2 chance a child might be disenrolled from the program due to premium nonpayment. 8 The purpose of this brief is to compare the family financial burdens associated with covering children and to assess the potential for expanding health insurance coverage for children between 150 and 300 percent of the FPL under the president s proposal and under SCHIP. 9 Data and Methods We compare the typical price of health insurance coverage relative to family income for children in the 150 to 300 percent of the FPL income range under the president s health insurance tax deduction proposal and under SCHIP. We focus on this income group because it contains a large share of uninsured children and because many SCHIP enrollees are in this income group. However, 92 percent of children currently enrolled in SCHIP are in families with income below 200 percent of the FPL, 10 and 75 percent of the uninsured children who are eligible for SCHIP but not enrolled fall into this low-income group as well. 11 It is also critical to remember that the majority of children who are currently uninsured but eligible for public insurance are eligible for Medicaid, not SCHIP, 12 and these children come from families with even lower incomes than the children analyzed here. While the congressional bill includes funding and policy changes aimed at increasing enrollment of these children in Medicaid at little or no cost to the families, families in this income bracket would receive little to no subsidy from the administration s tax-based approach. We analyze the family s cost of obtaining insurance coverage for their uninsured children under each policy option for two prototypical families a single parent with one child and two parents with two children at four different income levels relative to poverty (150, 200, 250, and 300 percent). We calculate the costs under the administration s proposal in two ways: first, assuming the family buys coverage through the private nongroup market, and second, assuming the coverage comes through the FIGURE 1: Financial Burden of Providing Nongroup Health Insurance to Children Under the Bush Tax Plan and Under SCHIP: Prototypical Two-Parent/Two-Child Families, 2009 After-Subsidy Premium as a Percent of Income 40 39% % 21% President s Proposal* SCHIP 17% 1% 1% 2% 0% 150% 200% 250% 300% Family Income Relative to Poverty *Note: 80% of uninsured children in this income range have no parent with employer-based coverage, making the nongroup market their most likely insurance source under the president's plan. Estimates reflect the cost of obtaining family coverage, since the proposal is not designed to subsidize the purchase of coverage for children only. Source: Author's calculations based upon current and proposed tax law and source material based upon Kenney, Hadley, Blavin FIGURE 2: Financial Burden of Providing Nongroup Health Insurance to Children Under the Bush Tax Plan and Under SCHIP: Prototypical One-Parent/One-Child Families, 2009 After-Subsidy Premium as a Percent of Income % 0% 42% <1% 32% 1% President s Proposal* SCHIP 26% 150% 200% 250% 300% Family Income Relative to Poverty *Note: 80% of uninsured children in this income range have no parent with employer-based coverage, making the nongroup market their most likely insurance source under the president's plan. Estimates reflect the cost of obtaining family coverage, since the proposal is not designed to subsidize the purchase of coverage for children only. Source: Author's calculations based upon current and proposed tax law and source material based upon Kenney, Hadley, Blavin % Timely Analysis of Immediate Health Policy Issues 2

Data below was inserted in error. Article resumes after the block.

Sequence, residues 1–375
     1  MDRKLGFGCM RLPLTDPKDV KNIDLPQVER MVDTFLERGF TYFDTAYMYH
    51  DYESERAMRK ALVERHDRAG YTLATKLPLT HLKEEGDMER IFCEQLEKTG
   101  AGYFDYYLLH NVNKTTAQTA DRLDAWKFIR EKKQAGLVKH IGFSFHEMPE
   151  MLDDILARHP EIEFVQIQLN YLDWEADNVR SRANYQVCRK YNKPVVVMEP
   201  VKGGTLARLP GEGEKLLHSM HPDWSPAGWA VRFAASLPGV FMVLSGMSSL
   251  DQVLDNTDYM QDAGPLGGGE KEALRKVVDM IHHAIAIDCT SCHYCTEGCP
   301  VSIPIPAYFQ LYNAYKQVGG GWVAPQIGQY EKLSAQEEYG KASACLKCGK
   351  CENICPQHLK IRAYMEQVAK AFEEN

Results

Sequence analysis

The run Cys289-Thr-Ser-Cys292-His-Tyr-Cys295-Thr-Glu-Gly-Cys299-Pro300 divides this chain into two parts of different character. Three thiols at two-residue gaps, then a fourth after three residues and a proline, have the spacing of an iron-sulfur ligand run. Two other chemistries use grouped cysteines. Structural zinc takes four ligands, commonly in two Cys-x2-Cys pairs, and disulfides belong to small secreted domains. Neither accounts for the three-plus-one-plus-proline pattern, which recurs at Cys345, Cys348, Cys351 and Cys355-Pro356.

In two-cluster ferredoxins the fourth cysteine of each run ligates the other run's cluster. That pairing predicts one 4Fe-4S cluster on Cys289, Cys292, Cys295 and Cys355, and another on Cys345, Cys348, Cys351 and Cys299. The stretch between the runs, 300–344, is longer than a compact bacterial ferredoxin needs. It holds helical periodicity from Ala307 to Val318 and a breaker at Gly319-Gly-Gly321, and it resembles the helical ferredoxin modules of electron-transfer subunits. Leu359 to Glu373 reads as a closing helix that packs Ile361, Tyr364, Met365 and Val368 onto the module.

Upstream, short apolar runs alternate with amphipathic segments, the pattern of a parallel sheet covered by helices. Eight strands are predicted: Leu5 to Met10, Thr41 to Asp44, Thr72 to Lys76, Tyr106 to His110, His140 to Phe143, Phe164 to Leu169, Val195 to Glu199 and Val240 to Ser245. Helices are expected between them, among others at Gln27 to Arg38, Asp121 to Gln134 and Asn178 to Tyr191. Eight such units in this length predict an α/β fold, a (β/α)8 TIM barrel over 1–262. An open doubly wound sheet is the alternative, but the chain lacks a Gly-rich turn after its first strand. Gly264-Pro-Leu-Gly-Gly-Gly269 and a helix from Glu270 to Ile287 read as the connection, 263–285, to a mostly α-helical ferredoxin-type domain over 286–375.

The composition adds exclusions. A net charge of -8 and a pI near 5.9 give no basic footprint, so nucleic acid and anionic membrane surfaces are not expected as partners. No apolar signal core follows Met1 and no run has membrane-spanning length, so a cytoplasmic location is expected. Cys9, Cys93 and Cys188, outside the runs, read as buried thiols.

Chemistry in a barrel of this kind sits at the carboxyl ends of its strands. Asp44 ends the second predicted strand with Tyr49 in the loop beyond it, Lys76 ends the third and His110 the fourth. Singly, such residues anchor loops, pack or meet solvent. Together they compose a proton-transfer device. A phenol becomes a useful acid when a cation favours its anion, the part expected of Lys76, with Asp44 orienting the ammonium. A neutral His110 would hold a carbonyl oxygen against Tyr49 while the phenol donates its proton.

3 employer. We then calculate the family cost associated with covering children under the SCHIP program. Because 79 percent of uninsured children between 150 and 300 percent of the FPL do not have even one parent with private health insurance coverage, 13 providing coverage to children under the administration s proposal would usually require the purchase of a new family policy, not merely a change from adultonly coverage to family coverage. Coverage for all family members comes with the higher costs of purchasing a private family policy under the administration s proposal, whereas SCHIP coverage would typically only insure the children, thereby keeping the cost down for insuring them specifically. In the private nongroup market case, we assume that family members are of average age and health status, such that they would be able to purchase coverage consistent with a typical employer-based policy at an average price in the small employer group market. We rely on national average premiums in the small group market 14 to provide a basis for a consistent comparison with the benefit packages provided under SCHIP, which are based on typical employer-based insurance policies in the state. To analyze the proposals in 2009 dollars, average premiums obtained from the 2005 Medical Expenditure Panel Survey Insurance Component (MEPS-IC) are increased by the predicted rate of growth in private health insurance premiums. 15 Consequently, in this simple analysis, we do not address the difficulties inherent in the private nongroup insurance markets of most states, where people with current or past health problems may be unable to purchase a policy at any price, or may face premiums much higher than those used in this analysis, or may only be offered benefit packages that permanently exclude services for particular health care needs. We also have not increased premiums relative to employer averages to account for the higher administrative loads implicit in nongroup premiums relative to those in the small group market. Lack of guaranteed access to adequate coverage through the current nongroup market is, however, a critical issue that should be considered when evaluating the president s proposal. Additionally, equalizing the tax subsidy for health insurance in the group and nongroup markets decreases incentives for employers to offer health insurance to their workers. This change may lead some employers to drop their coverage, leaving more families to purchase coverage in the nongroup market, a situation that could make many currently insured people worse off, particularly those with high health care needs. Again, this brief does not account for such an impact. In the group market case, we again use national average employer premiums (from the 2005 MEPS-IC) increased by the predicted rate of growth in private health insurance premiums to 2009 levels. Unlike the situation with nongroup insurance, the current tax code already provides a subsidy for the purchase of employer-based insurance. For uninsured families with access to employer insurance, the current subsidy is an insufficient incentive to enroll. Consequently, when analyzing the president s proposal and its potential for increasing the coverage of children in the group market, the measure of key interest is the difference between the current and proposed tax subsidies. If the proposed subsidy is significantly larger relative to family income or relative to the full premium than the current subsidy, it might be expected to have a significant impact on coverage decisions. But if the difference is small, one would not expect it to induce a significant change in coverage decisions. The individual income tax liability for each prototypical family is determined using a simplified tax calculator that assumes wages are the only source of income; the family takes only the standard deduction and the proposed standard deduction for health insurance; children are eligible for both the child tax credit (CTC) and the earned income tax credit (EITC); and the family claims no credits other than the CTC and EITC. The calculator includes the impact of the alternative minimum tax (AMT) and assumes the only AMT preference items are the standard deduction and personal exemptions. The values of parameters used to calculate taxes in 2009 are based on the January 2006 inflation forecast from the Congressional Budget Office. The reduction in tax liability under the administration s proposal would occur through reductions in income taxes and payroll taxes; at lower incomes, the payroll tax reduction makes up the largest share of the tax savings. As Burman et al note, counting the full amount of the payroll tax reduction as a subsidy would be inappropriate, since such current savings would be largely, if not completely, offset by future reductions in social security benefits, particularly for the low-income. 16 In essence, low-income workers would be paying for today s tax subsidy with forgone future social security payments since the less they pay into the system today, the less the system pays out to them upon retirement. Consequently, the results shown here exclude the payroll tax reductions from the subsidy calculations under the administration s proposal as well as in the calculation of the tax liability under current law. (Calculations including the payroll tax reductions are available upon request from the author.) SCHIP premiums used here for children of different income levels are the medians of the range of premiums that states charged families in No analysis documents the rate of growth in SCHIP premiums; consequently, we inflated the premiums to 2009 using the projected growth rates in private health insurance premiums. This likely biases future SCHIP premiums upward, as many states have gone several years without changing these premiums. Findings Table 1 provides estimates of the impact of the administration s proposed health insurance tax subsidy on the cost of family coverage for twoparent/two-child families and oneparent/one-child families in the private Timely Analysis of Immediate Health Policy Issues 3